The Bard’s Tale Trilogy is an epic remaster of one of the greatest video game franchises of all time. I rank The Bard’s Tale Trilogy number 6 on my Top 10 Favorite Games List and number 5 on my Top 10 Favorite Game Soundtrack List.
Your party starts out trapped in the city of Skara Brae by the Mad Wizard Mangar. Your party must explore dungeons; gathering gold, equipment, and experience while solving devious puzzles to finally defeat him. Following the defeat of Mangars; Your party must set out to find the seven pieces of the Destiny Wand and reforge it. The wand once reforged by the Destiny Knight must be used to face the evil Archmage Lagoth Zanta. Your party must then face the Mad God Tarjan. Mangars master has returned to Skara Brae and destroyed the city. Your party must fight monsters, travel through dimensions, and become embroiled in a war between Gods. In the end can they save the entire world?
Sargon’s Rating: (4.8 / 5)
|Game Play:||(5.0 / 5)|
|Spirit of the Original:||(5.0 / 5)|
|Visuals:||(5.0 / 5)|
|Audio:||(5.0 / 5)|
|Other Thoughts:||(4.0 / 5)|
The Bard’s Tale Trilogy Rating 4.8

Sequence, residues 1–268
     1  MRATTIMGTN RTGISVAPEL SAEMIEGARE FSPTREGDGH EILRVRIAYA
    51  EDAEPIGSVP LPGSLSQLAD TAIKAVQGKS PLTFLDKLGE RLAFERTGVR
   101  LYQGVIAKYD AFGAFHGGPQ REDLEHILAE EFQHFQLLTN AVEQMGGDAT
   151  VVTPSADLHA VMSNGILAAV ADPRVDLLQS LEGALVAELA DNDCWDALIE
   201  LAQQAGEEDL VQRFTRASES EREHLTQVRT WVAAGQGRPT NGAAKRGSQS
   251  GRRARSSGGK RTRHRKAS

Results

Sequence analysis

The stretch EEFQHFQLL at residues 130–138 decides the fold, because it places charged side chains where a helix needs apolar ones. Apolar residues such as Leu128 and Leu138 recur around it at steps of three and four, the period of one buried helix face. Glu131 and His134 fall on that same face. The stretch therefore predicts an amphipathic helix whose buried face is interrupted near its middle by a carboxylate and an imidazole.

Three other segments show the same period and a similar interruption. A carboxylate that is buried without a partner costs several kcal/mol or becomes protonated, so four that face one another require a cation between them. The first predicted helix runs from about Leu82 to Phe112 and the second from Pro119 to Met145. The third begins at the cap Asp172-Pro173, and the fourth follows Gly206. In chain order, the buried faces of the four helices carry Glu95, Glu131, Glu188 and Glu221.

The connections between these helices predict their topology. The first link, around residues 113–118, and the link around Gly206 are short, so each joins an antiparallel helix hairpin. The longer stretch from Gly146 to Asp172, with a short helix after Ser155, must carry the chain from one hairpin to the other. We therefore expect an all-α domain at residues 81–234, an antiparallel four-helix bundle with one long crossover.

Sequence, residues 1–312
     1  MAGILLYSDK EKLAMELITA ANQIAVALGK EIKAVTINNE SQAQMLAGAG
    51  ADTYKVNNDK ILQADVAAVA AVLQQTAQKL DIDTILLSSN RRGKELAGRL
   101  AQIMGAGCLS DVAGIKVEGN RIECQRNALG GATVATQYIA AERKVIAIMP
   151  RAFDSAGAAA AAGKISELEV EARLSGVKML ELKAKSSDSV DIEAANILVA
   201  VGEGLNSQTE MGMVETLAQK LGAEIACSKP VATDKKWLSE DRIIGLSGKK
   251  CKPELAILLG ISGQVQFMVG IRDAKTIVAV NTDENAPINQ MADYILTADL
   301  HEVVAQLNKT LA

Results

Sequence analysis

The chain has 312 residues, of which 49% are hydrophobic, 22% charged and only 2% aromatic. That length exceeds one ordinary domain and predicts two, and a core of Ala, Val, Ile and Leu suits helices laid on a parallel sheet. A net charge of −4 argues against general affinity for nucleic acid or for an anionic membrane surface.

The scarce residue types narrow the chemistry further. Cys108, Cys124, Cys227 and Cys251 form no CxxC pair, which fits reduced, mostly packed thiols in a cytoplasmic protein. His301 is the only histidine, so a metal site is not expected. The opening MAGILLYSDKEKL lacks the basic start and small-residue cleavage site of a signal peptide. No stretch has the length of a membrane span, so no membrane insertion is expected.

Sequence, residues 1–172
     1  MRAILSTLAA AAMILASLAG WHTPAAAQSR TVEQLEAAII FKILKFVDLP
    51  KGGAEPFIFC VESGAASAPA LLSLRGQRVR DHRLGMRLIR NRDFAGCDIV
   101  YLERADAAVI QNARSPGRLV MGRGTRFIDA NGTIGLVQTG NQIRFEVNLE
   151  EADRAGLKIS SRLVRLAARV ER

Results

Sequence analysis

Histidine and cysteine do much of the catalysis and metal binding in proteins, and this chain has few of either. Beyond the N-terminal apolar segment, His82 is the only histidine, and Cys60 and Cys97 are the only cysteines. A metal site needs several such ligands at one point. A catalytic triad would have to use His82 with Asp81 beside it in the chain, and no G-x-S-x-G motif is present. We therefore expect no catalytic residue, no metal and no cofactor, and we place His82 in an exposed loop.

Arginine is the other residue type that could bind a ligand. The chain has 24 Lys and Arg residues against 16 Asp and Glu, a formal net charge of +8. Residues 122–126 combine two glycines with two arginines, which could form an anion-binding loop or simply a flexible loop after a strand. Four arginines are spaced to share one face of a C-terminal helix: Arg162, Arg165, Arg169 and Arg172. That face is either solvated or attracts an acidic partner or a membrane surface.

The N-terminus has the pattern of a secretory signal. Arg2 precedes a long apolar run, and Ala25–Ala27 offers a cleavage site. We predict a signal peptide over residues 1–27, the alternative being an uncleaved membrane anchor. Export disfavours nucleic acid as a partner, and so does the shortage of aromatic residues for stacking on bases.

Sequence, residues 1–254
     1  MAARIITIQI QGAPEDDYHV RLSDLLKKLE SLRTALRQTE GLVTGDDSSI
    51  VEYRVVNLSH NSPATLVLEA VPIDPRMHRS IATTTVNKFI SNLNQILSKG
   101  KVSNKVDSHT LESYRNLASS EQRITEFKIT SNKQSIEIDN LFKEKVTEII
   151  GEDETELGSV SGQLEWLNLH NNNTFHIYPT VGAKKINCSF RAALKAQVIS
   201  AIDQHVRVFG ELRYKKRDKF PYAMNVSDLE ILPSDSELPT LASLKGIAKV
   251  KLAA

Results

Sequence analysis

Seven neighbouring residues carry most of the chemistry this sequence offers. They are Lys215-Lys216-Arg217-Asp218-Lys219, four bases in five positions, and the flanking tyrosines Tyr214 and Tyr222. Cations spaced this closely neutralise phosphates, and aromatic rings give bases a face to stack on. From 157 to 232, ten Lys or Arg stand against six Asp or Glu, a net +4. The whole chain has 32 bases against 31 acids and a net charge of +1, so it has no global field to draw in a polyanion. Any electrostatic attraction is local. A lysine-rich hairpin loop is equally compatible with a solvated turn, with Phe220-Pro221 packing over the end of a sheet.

My brother first introduced me to The Bard’s Tale back around 1988 when I was just 7 years old. He was playing it on his Tandy 1000 (with deskmate!). It was the first RPG games I had ever played, and to this day it is one of my all-time favorite games.
My brother eventually gave me the computer, however, he kept his games. Years later he bought me the game on the Nintendo Entertainment System and I loved playing it there. Then years later he bought me the Ultimate RP Archives. This Archive had several games which have long since became favorites of mine. Fast Forward all of these years: I now play the original series using D-Fend as it will not run on most modern computers without DosBox. Dfend just makes it easier to install.
Recently Krome Studios has remastered this classic tale. I finally checked it out and see what I thought of the new remastered version of the game. I admit that I am enjoying the remastered version more than I enjoyed the original. As I will explain below in more detail, the original version was a long grind. I do not play games for their difficulty usually. I play them to immerse myself in an interactive story. Of course games of this era needed the grind. There was not enough space on those older computers to fit 50 or more hours of gameplay. They could not have someone beating their game in a single afternoon and justify their prices… hence the grind. In hindsight, it is hard to say if grinding or devious puzzles were more annoying in old games.
The Bard’s Tale: Tales of the Unknown
The Bard’s Tale: The Destiny Knight
The Bard’s Tale: Thief of Fate